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When I wrote the proposal for the book that would become The Writer’s Practice: Building Confidence in Your Nonfiction Writing, I described it as an alternative to the text They Say/I Say by Gerald Graff and Cathy Birkenstein for a couple of reasons.

One was that They Say/I Say had sold several million copies and is one of the most widely used textbooks—regardless of subject—and publishers like to know that there is a potential market for a book before they decide to publish it.

Another reason was because my sincere intention was to write a text that served as an alternative to They Say/I Say. I had used They Say/I Say as a text in my own first-year writing courses, and while I liked its overall framing of academic writing as being part of a “conversation,” my experience with utilizing the templates in They Say/I Say revealed what I felt were some shortcomings around transfer of knowledge from one writing occasion to another and helping students develop as writing problem-solvers.

It did not occur to me that my book might be an opportunity to declare “war” on an approach with a different emphasis from mine.

Thank goodness, because after reading a recent Chronicle article about the so-called wars over math curriculum, it seems clear that engaging in a curriculum war is the worst possible outcome for all involved.

Don’t get me wrong—I think my approach to teaching writing is superior to the method outlined in the They Say/I Say. But that belief is not something that we can measure according to an objective standard that everyone will agree upon. It is contingent on what one values about writing, the kinds of writing products you want students to complete and writing experiences that you believe are important for students to have.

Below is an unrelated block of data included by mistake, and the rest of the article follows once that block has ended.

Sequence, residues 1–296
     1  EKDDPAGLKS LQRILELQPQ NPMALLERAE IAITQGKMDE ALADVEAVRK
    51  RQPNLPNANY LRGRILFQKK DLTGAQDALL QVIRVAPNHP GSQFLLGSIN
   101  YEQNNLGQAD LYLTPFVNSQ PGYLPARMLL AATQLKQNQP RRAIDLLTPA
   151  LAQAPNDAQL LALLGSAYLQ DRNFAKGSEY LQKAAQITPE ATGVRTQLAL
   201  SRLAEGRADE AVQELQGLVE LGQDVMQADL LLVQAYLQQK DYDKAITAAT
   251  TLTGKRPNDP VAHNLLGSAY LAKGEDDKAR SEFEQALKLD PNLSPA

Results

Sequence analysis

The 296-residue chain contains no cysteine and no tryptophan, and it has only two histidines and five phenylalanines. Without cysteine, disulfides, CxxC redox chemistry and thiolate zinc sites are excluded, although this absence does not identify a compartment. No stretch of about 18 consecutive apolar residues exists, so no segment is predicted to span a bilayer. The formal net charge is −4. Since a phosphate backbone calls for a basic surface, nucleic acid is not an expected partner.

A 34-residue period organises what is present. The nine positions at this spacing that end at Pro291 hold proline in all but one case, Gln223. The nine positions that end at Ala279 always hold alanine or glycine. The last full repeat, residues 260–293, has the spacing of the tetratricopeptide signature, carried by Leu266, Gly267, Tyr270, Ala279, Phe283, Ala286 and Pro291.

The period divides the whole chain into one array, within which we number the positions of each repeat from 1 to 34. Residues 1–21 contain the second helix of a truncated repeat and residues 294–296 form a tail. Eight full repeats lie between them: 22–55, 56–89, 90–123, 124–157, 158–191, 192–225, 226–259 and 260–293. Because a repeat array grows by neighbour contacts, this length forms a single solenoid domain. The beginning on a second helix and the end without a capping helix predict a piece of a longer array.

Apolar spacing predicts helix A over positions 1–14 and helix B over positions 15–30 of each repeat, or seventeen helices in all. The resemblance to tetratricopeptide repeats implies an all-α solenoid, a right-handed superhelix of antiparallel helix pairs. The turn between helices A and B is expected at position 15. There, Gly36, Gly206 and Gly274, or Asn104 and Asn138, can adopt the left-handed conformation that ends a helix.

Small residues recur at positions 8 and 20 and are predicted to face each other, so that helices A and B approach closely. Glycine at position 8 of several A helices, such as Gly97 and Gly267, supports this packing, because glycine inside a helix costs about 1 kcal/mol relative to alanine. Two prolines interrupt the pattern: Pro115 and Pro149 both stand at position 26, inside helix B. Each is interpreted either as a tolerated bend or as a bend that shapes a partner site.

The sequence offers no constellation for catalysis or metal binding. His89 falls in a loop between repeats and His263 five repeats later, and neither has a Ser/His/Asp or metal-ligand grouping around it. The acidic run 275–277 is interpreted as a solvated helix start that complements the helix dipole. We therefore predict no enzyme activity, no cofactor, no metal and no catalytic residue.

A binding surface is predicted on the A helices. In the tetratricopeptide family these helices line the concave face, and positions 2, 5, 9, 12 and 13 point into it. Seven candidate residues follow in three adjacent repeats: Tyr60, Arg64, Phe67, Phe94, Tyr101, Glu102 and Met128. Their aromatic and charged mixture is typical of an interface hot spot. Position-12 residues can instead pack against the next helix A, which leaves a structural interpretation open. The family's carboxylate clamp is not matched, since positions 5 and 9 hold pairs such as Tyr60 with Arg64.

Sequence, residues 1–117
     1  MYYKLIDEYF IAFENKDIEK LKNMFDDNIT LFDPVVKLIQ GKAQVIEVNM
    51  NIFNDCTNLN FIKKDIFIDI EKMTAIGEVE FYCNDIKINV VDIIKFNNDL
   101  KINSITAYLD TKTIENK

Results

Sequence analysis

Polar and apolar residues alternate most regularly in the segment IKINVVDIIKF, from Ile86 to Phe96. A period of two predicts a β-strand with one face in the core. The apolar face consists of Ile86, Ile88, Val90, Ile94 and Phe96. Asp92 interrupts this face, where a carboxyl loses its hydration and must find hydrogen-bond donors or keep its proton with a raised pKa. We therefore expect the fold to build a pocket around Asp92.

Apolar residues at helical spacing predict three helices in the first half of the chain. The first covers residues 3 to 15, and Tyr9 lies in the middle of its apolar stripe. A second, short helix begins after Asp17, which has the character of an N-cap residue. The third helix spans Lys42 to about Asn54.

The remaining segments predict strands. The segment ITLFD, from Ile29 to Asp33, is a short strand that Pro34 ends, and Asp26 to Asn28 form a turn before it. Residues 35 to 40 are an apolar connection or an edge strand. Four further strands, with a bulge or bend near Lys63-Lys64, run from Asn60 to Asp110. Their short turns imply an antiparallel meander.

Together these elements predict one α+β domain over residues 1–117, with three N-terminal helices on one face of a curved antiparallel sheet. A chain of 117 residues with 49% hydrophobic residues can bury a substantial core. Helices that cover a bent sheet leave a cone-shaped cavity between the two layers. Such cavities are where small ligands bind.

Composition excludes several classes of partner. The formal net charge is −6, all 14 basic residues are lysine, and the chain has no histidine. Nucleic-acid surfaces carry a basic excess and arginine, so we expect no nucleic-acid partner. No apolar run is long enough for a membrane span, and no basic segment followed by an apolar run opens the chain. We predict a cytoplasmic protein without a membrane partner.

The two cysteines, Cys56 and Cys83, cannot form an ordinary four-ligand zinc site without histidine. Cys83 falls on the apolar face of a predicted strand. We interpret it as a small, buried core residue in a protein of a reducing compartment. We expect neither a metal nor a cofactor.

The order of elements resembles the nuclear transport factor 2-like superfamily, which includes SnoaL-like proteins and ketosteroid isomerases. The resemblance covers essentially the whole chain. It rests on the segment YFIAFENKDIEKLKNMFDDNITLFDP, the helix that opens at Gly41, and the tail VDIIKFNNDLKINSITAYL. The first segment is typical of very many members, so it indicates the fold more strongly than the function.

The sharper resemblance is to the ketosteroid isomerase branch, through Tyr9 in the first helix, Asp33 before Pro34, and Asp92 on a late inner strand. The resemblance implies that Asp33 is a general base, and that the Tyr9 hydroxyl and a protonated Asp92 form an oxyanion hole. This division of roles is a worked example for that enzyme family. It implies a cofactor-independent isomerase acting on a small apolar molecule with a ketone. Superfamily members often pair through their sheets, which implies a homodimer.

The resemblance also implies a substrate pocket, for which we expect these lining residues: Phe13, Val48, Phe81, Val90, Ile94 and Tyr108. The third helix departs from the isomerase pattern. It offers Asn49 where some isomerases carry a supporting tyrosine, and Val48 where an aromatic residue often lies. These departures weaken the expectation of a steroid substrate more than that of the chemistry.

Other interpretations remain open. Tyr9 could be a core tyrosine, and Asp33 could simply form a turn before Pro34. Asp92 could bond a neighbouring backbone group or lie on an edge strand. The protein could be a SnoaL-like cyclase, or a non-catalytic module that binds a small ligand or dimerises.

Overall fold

It didn’t occur to me to go to war with a different curriculum, because while both curricula concern student writing, the underlying values that animate the approaches are quite different.

They Say/I Say is a superior approach if you want students to produce artifacts that read and act like “academic” writing.

As I say in The Writer’s Practice, while I want students engaging in what I call “scholarly” thinking, I’m less concerned with the production of academic forms per se. My values are rooted in my background as a nonacademic teaching inside academia and a writer whose work ranges across many different genres.

When we say one thing is better than another, we have to ask, “Better at what?” Even an answer to the question like “better at teaching students to write” depends on a shared definition of what learning to write looks like. We do not have universally accepted answers to these questions, so a tug-of-war over which approach is “better” is fruitless unless we first agree on our criteria for evaluation.

I do not have the disciplinary knowledge to weigh in on the specifics of differing approaches to teaching math, but it is easy to recognize that one of the roots of these arguments is a failure to hash out the values that underlie different claims of efficacy—or, even deeper than that, the values that animate the core purpose of school itself.